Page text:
• 2000: $88,425
  • 2004: $137,420
  • 2005-06: $53,175
  • 2007-08: $43,425
  • 2009-10: $135,432
  • 2011-12: $194,450
  • 2013: $17,000
  • Reported cash on hand (July 2013): $49,628

Top donors

  • $14,250 attorneys of Butler Wooten & Fryhofer LLP, personal injury law firm
  • $12,650 Georgia Trial Lawyers Association (Civil Justice PAC)
  • $10,000 fellow attorneys at Goodman McGuffey Lindsey and Johnson LLP
  • $9,650 Georgia Hospital Association
  • $9,400 American Federation for Children & Students First, advocates for charter schools
  • $8,450 attorneys of Davis, Matthews & Quigley P.C., spouse’s law firm
  • $8,200 UHS Pruitt Corp. & its lobbyist, Chris Downing, nursing homes
  • $8,000 Select Management Resources LLC & an affiliated business, title pawn lender
  • $7,000 Vesta Holdings & affiliate Rhea Investment Group, buyers & sellers of property tax liens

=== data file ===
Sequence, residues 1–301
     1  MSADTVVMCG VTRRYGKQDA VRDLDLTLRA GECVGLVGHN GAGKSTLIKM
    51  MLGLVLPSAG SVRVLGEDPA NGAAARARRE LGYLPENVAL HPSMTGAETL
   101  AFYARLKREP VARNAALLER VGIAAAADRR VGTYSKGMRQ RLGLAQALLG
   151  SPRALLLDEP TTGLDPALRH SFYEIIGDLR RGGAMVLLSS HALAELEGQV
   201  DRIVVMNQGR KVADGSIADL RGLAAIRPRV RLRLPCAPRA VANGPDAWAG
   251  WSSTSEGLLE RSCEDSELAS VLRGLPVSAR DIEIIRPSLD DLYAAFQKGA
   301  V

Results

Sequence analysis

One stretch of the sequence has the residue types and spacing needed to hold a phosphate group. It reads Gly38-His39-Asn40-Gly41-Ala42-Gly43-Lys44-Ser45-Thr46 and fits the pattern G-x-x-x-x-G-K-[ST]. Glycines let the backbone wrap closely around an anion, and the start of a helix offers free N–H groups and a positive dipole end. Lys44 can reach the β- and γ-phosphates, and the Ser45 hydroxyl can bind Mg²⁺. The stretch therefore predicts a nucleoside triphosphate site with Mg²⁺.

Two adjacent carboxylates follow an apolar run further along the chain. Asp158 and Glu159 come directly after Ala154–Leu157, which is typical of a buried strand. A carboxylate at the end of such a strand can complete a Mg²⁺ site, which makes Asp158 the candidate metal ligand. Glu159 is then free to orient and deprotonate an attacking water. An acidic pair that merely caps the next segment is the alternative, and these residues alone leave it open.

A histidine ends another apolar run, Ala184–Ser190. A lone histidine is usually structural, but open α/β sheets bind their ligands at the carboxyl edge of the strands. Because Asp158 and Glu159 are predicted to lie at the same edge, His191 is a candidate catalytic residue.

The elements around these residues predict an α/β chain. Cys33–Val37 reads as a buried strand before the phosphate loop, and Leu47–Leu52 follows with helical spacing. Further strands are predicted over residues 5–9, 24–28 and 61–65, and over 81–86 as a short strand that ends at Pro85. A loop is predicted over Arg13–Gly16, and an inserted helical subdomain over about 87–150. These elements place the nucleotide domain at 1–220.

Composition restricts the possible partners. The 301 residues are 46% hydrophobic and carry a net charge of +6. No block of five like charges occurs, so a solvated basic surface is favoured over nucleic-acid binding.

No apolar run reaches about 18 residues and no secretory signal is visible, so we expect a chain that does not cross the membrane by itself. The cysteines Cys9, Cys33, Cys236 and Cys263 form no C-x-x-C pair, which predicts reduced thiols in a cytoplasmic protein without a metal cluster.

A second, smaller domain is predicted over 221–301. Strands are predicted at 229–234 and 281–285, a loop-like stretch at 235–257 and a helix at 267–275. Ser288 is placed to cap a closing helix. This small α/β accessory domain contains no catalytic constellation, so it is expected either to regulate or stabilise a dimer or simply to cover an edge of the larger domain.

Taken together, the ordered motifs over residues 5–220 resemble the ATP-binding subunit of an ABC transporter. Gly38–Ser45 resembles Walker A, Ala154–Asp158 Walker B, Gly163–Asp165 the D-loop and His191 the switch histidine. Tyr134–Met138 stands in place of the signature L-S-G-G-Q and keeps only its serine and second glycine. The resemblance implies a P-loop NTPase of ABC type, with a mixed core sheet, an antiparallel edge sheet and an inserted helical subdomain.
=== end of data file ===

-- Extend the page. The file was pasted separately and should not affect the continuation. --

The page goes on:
• $6,750 MAG Mutual Insurance Co., malpractice insurance
  • $6,500 Stephen Andrews, attorney
  • $6,500 BlueCross BlueShield of Georgia
  • $6,500 Workplace Injury Network PAC
  • $6,250 Medical Association of Georgia
  • $6,200 Georgia Association of Realtors
  • $6,000 Finch McCranie LLP
  • $5,750 State Farm Insurance
  • $5,700 Georgia Dental Association
  • $5,250 Georgia Bankers Association
  • $4,500 attorneys of Troutman Sanders LLP

Campaign-to-Campaign Donations

Candidates may make political donations with campaign funds, allowing prolific fund-raisers to share their contributions with other legislators or candidates. Some advocacy groups believe such transfers should be limited to an aggregate of $10,000 per election cycle. Lindsey’s committee made these political donations:

  • 2004: $0
  • 2005-06: $12,675
  • 2007-08: $16,500
  • 2009-10: $74,950
  • 2011-12 : $35,250
  • 2013: $1,500

Lobbyist gifts